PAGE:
“This song will break your heart into a million pieces”

And he's right at the center of the film's action—cameras on stage capture the action. That doesn't make it easy for singers, says Pettit: “The camera shows everything. If you have a piece of lettuce in your teeth, she'll show it,” Pettit says with a laugh. “It's hard to follow a shadow all the time. You don't have a private moment. As a singer, sometimes you get pulled away to clear your throat. You can't do that with a camera, you have to be in character the whole time. We have to make it believable for the camera, you can't play with emotions. You have to feel it.”

Speaking of Feelings: How does a singer feel in the midst of all this tragedy coming to the stage? “I was very moved, especially at the end. “I had to keep myself in control a lot,” she says. “It's very difficult sometimes. This song is so beautifully written that it will break your heart into a million pieces. At one point director Marie-Yves Signirole asked me if I would cry. I replied: You need not ask me, what I will do, therefore.”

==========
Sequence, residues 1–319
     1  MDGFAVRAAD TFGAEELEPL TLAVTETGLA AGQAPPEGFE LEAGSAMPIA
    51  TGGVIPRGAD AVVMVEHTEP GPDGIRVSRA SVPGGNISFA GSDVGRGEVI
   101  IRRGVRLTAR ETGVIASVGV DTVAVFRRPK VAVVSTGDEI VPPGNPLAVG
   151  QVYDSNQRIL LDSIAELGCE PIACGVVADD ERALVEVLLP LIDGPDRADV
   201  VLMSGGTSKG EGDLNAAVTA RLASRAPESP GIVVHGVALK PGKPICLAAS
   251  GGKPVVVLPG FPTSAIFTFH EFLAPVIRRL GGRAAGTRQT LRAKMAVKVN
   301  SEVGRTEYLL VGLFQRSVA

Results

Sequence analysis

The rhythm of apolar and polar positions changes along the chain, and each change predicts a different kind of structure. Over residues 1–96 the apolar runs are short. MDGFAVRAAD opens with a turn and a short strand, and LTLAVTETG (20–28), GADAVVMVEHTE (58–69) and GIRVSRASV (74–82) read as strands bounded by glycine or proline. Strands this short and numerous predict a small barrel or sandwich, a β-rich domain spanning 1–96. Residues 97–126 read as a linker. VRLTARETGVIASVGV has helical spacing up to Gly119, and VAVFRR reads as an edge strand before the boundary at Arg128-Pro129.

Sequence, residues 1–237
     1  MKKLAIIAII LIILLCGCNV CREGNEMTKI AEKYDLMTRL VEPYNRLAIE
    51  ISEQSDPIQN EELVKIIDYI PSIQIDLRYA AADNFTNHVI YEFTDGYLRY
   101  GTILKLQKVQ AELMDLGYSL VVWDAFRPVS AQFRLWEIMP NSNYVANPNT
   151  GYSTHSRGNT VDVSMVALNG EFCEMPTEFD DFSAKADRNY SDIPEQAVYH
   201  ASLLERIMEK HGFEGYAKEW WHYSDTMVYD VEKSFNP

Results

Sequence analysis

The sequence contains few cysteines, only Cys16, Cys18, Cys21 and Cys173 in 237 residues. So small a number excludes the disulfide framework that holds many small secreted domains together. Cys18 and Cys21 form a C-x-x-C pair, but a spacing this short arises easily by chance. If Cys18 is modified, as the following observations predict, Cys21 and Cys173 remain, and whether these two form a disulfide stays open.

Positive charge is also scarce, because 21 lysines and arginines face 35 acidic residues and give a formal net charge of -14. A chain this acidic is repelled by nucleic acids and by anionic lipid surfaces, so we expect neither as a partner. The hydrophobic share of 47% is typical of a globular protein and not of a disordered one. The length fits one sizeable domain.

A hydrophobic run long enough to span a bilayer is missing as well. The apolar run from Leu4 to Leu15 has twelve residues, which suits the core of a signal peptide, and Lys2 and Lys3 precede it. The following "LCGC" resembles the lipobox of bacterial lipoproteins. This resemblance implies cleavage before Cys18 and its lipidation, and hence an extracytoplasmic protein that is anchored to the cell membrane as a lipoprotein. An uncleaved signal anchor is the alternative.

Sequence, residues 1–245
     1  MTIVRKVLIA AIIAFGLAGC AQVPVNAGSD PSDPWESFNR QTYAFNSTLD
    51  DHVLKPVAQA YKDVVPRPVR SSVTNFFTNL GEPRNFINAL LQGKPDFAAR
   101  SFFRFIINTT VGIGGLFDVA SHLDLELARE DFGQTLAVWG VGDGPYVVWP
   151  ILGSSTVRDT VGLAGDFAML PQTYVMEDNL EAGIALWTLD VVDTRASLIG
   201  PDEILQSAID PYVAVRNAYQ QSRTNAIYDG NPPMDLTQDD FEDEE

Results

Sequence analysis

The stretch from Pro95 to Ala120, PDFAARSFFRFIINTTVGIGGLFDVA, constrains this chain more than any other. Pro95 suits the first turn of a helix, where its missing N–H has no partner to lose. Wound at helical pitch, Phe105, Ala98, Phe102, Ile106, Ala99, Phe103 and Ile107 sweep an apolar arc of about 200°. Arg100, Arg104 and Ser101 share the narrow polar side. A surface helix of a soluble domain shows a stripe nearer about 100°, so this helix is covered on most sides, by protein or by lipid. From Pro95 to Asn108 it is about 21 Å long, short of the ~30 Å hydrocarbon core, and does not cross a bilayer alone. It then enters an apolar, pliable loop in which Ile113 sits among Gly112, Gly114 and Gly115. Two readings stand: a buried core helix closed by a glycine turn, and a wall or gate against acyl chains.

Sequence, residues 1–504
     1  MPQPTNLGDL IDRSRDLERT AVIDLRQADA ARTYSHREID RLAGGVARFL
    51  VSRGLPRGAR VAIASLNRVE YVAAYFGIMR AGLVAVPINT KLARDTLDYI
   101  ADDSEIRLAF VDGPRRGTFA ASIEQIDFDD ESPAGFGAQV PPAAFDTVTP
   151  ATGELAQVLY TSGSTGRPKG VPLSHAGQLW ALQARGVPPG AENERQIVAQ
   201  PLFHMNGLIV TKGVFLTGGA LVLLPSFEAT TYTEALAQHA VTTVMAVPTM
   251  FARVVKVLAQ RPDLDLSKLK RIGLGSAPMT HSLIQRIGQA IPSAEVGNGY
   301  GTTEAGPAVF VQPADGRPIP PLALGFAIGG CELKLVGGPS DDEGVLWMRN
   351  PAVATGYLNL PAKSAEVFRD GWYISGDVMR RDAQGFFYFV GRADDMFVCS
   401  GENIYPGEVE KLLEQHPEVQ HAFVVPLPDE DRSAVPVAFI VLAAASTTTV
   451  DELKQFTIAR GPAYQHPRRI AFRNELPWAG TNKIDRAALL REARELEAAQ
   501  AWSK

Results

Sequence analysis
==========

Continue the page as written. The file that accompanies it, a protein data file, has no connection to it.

the future

Pettit has already sung “Sly Little Vixen” in Vienna, and recently appeared several times on stage with Cecilia Bartoli at the Salzburg (Whitson) festival. How did she actually get into singing? “The singing career chose me — more than anything else,” he says. “I started singing when I was 14. My parents said I have a beautiful voice. I loved the compliments! It was easy and fun for me, but I didn't think right from the beginning: this is going to be my career. I won second place in the 'Musica Sacra' competition in Rome – and then things went quickly from there.

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But it's not an easy career, is it? “It's very difficult for the new generation to find good-paying jobs,” says Pettit. “Fewer and fewer people want to do this work.” And “Unfortunately there's still a misconception about opera: it's for old people and only tells old stories. That's not true.”

Some prejudices, though long outdated, persist: “I still meet people who tell me: You're not fat, how can you sing opera?” For many, operas are “still old, dusty, long, expensive – and not: open to everyone and funny. If people don't come thinking it's boring, opera will die. How sad.”

After “Romeo et Juliette”, she has a lot of plans for herself again this year in Salzburg and Bregenz – but first: a vacation.

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